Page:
• Analyses of key Continental “classics” whose voice is unheard or underrepresented in the Anglophone academic and publishing environment, such as Walter Benjamin, Léon Duguit, Georges Gurvitch, Maurice Hauriou, Hermann Heller, Georg Jellinek, Ernst Jünger, Costantino Mortati, Georges Renard, Santi Romano, Rudolf Smend, Simone Weil and others.
This interdisciplinary series welcomes monographs and edited volumes that engage with the conceptual and empirical questions detailed above and discussions of how the contamination of jurisprudential and theoretical-political approaches helps illuminate current national and global processes.
Click here for further information.

18 February 2015

CONFERENCE ANNOUNCEMENT: Women, Narrative and Crime: An Interdisciplinary Conference

Teesside University (Darlington Campus)
9th July 2015
Keynote Speakers: Deborah Jermyn (Roehampton) & Lizzie Seal (Sussex)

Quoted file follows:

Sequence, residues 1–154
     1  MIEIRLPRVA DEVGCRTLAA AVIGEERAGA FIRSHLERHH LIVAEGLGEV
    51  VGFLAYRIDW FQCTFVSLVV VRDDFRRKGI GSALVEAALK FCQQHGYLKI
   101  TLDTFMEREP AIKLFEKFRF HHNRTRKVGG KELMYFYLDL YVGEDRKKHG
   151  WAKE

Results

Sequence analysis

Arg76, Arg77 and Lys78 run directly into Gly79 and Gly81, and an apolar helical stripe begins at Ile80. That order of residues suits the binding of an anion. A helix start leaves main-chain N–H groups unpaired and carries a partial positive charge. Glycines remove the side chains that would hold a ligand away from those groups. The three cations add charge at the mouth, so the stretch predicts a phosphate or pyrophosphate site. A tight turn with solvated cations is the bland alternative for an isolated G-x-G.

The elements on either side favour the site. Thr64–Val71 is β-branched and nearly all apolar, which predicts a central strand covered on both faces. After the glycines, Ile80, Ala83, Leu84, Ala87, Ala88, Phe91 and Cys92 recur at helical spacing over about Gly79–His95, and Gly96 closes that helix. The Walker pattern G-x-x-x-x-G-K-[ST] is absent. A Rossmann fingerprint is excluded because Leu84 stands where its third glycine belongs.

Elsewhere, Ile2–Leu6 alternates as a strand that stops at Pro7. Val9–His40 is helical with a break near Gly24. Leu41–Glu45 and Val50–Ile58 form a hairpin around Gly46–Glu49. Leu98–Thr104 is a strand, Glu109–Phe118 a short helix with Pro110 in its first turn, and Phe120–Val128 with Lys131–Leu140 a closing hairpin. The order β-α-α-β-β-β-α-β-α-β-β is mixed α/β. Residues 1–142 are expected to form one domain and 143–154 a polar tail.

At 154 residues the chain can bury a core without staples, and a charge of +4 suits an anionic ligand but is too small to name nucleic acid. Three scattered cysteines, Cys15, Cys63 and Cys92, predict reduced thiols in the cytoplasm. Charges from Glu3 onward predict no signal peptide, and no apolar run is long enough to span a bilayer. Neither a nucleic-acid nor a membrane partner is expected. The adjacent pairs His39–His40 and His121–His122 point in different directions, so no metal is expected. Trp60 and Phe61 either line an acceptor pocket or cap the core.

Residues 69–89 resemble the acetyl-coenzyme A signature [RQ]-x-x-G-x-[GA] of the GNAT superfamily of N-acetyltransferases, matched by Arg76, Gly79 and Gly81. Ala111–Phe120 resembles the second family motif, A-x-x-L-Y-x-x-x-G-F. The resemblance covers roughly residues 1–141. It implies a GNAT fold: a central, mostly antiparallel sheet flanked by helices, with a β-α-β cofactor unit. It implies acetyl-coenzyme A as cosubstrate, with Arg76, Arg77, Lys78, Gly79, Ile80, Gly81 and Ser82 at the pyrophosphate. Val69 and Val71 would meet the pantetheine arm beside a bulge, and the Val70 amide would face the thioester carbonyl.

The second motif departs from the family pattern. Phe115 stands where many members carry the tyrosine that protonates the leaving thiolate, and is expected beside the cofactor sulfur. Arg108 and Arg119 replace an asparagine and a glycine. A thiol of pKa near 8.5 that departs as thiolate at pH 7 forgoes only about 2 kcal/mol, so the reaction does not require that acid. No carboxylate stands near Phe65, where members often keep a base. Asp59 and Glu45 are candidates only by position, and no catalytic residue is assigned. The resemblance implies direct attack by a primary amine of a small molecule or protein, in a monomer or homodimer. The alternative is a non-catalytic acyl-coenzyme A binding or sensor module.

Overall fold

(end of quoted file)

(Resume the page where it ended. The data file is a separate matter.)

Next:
From Pat Barker’s novel Blow Your House Down (1984) to Alan Moore and Eddie Campbell’s graphic novel From Hell(1999) and Alecky Blythe and Adam Cork’s stage musical London Road (2011), artists, writers and film-makers have explored the collective memory and cultural meaning of crimes against women, both past and present. This interdisciplinary conference will bring to together researchers and practitioners from the arts, humanities and socials sciences to explore questions of narrative and crime in relation to violence against women, as well as addressing themes relating to women, crime and justice more broadly. 
This conference will critically explore the growing recognition within the social sciences of ‘popular’ criminological texts (Rafter, 2007) - such as film, TV drama, crime fiction, true-crime  - as valid social documents, which shape both public and academic understandings of crime, justice and victimization, and offer alternative means of engaging with criminal events and ‘knowing’ about crime. This conference aims to explore how these ‘differing spheres of representation’ (Brown, 2003) deal with violence against women, reflecting on the relationship between academic and cultural texts (Wakeman, 2011), and the privileging of particular texts as a means of conveying feminist messages relating to misogyny, violence and victimhood.